Three out of four employers remain unaware of how a life insurance payment can impact on a beneficiary’s pension allowance according to new research from Howden Employee Benefits & Wellbeing.
This survey, taken earlier this year, followed the Budget announcement that the pension lifetime allowance will be frozen at just over £1m (£1,073,100) until at least 2026.
Howden’s points out that it has always been the case that group life insurance payments (on death) from a registered arrangement count towards an individual saver’s pension lifetime allowance entitlement.
Given this allowance has fallen from £1.8m in 2011 to just over £1m today, these payments could mean a beneficiary gets hit with a significant tax charge for exceeding this allowance.
Employers have the option of setting up an “excepted” group life plan as an alternative where payments are not counted towards the pensions lifetime allowance.
The survey also asked employers if they communicated details of the pension lifetime allowance when enrolling employees into a company-sponsored pension arrangement.
The research found that just 10 per cent of employers always referenced this allowance during the auto-enrolment process. The same number “sometimes” highlighted the issue, while 17 per cent relied on their nominated professional pension advisers to reference this issue.
More than six in 10 employers either don’t mention this allowance at all (20 per cent) or were not sure (43 per cent) on the actions taken by their employer in this respect.
Steve Herbert, head of benefits strategy, at Howden says: “The Pensions Lifetime Allowance has reduced significantly since it was first introduced in 2006, and as a result is now starting to impact far more savers on relatively modest salaries.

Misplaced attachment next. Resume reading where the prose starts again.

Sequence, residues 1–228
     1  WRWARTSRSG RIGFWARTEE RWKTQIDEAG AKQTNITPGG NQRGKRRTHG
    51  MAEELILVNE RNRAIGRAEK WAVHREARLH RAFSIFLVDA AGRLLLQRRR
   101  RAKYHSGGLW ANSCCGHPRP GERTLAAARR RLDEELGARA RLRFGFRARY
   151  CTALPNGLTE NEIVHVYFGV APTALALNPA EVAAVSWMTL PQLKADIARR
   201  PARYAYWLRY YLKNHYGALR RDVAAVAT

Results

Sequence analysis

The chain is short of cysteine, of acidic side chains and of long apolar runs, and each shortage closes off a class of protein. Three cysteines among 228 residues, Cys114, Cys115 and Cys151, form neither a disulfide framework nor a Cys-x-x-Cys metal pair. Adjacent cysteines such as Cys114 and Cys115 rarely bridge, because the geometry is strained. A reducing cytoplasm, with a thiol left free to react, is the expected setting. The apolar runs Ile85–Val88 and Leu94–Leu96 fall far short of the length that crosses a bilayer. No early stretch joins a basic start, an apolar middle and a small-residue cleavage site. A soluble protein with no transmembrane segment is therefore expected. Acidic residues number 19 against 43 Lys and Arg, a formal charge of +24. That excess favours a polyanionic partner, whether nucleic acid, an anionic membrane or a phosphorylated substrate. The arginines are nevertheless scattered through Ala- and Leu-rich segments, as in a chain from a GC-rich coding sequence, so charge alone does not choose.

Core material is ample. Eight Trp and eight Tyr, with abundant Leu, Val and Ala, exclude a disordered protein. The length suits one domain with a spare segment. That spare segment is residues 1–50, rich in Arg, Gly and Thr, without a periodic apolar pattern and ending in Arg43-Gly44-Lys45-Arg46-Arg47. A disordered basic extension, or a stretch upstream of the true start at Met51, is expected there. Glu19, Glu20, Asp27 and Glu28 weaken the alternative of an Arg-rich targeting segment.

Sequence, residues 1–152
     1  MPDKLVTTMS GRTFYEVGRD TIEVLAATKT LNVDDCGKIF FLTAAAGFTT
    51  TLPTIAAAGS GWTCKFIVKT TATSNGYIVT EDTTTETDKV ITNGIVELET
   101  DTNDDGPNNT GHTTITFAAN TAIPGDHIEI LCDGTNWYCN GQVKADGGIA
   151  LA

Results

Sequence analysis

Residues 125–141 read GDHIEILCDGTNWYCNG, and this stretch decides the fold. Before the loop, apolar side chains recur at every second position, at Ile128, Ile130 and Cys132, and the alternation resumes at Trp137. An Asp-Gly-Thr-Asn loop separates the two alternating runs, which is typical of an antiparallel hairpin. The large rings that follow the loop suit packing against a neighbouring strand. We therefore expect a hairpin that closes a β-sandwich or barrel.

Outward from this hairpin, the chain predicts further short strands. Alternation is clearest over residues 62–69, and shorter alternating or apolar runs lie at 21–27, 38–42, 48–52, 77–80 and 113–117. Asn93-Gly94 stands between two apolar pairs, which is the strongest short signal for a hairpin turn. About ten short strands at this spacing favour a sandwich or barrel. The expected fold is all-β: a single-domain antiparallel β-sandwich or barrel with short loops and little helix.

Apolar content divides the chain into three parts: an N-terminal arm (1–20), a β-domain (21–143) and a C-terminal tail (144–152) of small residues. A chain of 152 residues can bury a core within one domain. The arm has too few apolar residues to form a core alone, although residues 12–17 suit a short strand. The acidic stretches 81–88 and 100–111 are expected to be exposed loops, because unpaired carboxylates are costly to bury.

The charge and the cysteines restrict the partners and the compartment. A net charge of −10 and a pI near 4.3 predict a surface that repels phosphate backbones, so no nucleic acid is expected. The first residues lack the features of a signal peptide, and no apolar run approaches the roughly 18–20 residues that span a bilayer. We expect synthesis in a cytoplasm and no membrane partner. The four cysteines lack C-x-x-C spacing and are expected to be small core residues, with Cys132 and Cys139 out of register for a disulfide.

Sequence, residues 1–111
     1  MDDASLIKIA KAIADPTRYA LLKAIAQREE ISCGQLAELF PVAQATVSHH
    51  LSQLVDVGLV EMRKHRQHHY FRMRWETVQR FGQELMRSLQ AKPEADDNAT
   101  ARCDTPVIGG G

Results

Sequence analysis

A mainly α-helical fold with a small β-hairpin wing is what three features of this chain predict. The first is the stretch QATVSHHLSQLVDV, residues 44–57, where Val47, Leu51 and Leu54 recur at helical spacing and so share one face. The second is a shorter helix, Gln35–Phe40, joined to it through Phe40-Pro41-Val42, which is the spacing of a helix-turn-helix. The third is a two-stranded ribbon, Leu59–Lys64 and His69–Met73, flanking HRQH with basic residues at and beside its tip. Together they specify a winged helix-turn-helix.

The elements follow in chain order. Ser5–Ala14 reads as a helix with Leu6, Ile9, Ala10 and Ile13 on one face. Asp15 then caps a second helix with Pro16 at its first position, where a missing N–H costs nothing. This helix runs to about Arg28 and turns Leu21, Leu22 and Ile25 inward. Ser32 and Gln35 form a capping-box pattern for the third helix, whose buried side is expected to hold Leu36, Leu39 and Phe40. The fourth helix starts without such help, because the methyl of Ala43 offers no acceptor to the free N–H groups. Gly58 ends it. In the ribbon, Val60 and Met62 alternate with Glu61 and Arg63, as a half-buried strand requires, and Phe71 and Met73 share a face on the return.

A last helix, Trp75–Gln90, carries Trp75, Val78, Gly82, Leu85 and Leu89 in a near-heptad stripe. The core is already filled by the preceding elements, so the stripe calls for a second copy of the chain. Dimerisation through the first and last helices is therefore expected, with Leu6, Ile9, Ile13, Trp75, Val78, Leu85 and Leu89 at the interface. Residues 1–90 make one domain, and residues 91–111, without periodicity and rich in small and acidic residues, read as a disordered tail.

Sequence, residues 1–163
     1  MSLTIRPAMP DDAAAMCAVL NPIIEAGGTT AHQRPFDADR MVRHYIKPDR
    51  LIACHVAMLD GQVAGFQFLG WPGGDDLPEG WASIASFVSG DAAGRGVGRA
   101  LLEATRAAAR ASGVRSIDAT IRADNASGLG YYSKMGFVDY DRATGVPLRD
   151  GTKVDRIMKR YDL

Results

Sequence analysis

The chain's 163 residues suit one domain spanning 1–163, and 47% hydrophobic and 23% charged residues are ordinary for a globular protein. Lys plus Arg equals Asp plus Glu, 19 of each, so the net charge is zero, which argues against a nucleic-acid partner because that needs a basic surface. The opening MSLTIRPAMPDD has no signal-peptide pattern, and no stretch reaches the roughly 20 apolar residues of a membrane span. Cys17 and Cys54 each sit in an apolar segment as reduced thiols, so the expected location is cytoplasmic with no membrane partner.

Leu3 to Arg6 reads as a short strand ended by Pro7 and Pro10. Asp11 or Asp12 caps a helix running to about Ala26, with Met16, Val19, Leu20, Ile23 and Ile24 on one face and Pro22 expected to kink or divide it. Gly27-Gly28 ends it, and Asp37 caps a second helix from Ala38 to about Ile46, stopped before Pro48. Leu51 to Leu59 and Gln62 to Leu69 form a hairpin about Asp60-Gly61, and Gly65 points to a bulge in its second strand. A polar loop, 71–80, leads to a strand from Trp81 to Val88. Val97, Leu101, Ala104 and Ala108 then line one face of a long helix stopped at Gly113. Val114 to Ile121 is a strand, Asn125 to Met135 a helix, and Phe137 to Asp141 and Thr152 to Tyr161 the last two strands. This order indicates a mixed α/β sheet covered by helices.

“This of course means that a lump-sum payment of four-times salary from a registered group life assurance scheme might well breach the PLA limit, in turn triggering a significant tax charge in the event of a claim.”
He adds: “Howden encourages employers to review their exposure to this situation, and take corrective action as necessary. As ever there are a number of complications for sponsoring employers to understand and consider, so we would urge employers to seek professional assistance as part of this review.”
Matthew Gregson, head of corporate, at Howden adds: “This issue is symptomatic of the challenges facing employers in ensuring that their best intentions in offering a generous benefits package to their employees doesn’t have unforeseen consequences or negatively impact the employees’ perception of the quality of the offer.
“Higher levels of life cover and generous pension contributions are valued by so many employees, but they will expect their employer to have considered and planned for all scenarios, such as ensuring the employee isn’t caught with any unnecessary tax burden.”
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